|Title||System and technoeconomic analysis of solar thermochemical hydrogen production|
|Publication Type||Journal Article|
|Year of Publication||2022|
|Authors||Ma Z, Davenport P, Saur G|
|Keywords||H2A analysis, Hydrogen production, Solar receiver, Solar thermochemical hydrogen production, Technoeconomic analysis, water splitting|
Hydrogen is a promising energy carrier that can be obtained from various feedstocks using renewable energy sources. Direct solar thermochemical hydrogen (STCH) production by water splitting can utilize the full spectrum of solar radiation and has the potential to achieve high solar energy conversion efficiencies. Currently STCH research areas focus on material discovery. This paper evaluates the performance of various STCH materials in the context of a system platform to assess techno-economic benefits and gaps in the path to STCH scale-up. To analyze the hydrogen production cost, a concentrating solar thermal (CST) system is introduced as a platform for integrating STCH materials and accommodating generalized thermochemical processes. The thermochemical process is based on a two-step STCH cycle using metal oxide that consists of a high temperature step for metal oxide reduction, followed by an oxidation step for water splitting at a lower temperature. A preferred configuration is to have the high temperature step occurring in a directly irradiated solar receiver reactor. To this end, we conceptualized a receiver design and associated solar field layout and investigated STCH operational boundaries, component costs and sensitivity parameters on the $2/kgH2 goal of hydrogen production. The study explored system-related variables and factors associated with scaling up. The CST platform allows more comprehensive studies that encompass aspects of STCH materials and systems such as cost, hydrogen productivity and replacement frequency, alongside other system components like heliostat field, tower, and potential receiver costs.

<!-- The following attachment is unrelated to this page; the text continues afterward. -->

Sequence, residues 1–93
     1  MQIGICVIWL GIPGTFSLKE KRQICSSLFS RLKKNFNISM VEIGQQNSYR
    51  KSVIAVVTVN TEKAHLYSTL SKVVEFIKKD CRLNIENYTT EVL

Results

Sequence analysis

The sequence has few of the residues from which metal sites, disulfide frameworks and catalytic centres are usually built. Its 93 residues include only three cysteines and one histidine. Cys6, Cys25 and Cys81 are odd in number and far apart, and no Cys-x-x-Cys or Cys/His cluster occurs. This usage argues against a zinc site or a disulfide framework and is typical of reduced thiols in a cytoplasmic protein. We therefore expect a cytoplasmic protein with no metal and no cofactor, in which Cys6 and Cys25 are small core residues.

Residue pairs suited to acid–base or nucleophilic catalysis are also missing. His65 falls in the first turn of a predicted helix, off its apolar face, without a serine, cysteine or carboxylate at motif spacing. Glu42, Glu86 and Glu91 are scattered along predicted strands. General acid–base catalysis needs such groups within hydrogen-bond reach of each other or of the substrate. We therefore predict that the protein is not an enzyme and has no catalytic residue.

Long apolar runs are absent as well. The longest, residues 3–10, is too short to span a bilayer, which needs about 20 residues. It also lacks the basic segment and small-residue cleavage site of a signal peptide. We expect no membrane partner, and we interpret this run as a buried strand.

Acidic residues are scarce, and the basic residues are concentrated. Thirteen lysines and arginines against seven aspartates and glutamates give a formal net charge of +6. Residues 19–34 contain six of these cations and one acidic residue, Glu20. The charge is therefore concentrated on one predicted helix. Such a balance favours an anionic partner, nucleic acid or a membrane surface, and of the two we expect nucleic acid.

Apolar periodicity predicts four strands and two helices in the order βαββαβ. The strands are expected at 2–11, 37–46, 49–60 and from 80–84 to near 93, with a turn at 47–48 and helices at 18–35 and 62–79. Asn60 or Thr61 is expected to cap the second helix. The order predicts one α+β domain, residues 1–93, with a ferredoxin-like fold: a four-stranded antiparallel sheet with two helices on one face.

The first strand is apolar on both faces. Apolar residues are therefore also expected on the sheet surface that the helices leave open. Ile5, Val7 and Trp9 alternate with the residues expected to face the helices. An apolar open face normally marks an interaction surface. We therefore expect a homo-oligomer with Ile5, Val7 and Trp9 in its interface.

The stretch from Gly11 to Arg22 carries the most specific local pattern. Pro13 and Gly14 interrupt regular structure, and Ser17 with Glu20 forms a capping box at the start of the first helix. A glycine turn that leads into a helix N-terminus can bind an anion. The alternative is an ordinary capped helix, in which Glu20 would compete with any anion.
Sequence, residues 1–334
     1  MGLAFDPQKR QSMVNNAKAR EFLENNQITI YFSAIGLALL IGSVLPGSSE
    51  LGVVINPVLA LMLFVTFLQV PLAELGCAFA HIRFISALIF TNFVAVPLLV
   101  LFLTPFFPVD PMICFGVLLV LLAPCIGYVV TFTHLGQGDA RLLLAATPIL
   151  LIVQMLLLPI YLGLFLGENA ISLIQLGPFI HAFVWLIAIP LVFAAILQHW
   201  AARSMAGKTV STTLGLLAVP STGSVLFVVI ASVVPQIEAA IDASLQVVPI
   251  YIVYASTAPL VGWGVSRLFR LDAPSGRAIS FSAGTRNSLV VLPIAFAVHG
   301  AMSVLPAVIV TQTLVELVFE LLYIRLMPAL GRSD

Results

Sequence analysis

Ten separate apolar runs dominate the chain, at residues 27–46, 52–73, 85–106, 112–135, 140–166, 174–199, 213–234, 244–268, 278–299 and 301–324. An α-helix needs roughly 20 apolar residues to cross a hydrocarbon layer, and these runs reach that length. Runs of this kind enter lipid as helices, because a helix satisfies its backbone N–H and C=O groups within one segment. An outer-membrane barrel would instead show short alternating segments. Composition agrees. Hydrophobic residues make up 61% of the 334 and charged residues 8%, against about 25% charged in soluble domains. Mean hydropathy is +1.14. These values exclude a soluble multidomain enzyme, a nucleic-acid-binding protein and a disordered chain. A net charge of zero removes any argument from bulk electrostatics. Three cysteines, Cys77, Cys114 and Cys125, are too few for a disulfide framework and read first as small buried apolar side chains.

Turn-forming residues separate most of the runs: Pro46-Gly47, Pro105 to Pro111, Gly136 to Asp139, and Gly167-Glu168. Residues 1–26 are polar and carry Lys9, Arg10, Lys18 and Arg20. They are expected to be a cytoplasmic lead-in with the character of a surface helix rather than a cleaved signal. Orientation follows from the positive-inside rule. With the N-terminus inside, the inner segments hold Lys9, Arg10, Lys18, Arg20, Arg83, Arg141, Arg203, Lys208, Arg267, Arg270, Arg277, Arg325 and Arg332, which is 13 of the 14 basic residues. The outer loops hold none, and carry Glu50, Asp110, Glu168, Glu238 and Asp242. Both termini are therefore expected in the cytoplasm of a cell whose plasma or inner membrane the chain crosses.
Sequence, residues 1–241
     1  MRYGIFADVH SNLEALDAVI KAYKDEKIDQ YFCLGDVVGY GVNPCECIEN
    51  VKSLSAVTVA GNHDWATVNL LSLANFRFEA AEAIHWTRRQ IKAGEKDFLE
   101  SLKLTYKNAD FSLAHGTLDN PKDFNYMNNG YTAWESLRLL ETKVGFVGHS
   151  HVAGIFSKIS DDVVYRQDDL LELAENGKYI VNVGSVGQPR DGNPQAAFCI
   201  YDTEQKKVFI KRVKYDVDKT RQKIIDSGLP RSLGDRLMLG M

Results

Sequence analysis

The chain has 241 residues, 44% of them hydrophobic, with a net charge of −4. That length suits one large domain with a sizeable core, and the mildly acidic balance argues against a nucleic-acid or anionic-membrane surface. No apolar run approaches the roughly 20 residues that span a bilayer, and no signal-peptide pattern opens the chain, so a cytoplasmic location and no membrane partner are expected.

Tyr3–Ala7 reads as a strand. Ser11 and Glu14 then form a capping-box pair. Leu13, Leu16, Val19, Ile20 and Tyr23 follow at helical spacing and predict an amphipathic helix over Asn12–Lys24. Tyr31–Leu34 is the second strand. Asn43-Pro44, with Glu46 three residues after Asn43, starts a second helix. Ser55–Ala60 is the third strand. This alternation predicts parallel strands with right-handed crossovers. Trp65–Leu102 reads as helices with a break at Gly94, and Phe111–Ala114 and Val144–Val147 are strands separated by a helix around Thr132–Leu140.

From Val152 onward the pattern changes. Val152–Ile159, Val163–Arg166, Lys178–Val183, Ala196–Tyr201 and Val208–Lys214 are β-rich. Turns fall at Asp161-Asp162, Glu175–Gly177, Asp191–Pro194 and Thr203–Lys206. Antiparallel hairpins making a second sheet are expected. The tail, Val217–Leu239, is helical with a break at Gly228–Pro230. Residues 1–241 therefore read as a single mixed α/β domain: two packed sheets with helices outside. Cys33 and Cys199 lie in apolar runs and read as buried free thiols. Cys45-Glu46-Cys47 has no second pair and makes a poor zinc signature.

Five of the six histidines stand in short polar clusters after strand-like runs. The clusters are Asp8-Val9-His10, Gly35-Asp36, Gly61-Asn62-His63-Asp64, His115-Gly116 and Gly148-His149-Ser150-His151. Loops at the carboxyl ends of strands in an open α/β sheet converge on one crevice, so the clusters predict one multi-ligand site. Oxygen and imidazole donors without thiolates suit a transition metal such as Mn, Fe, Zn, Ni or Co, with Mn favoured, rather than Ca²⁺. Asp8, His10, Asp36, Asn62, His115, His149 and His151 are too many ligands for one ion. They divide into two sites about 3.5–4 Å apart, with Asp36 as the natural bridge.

System and technoeconomic analysis of solar thermochemical hydrogen production
Submitted by nnguyen2 on Thu, 05/12/2022 - 09:37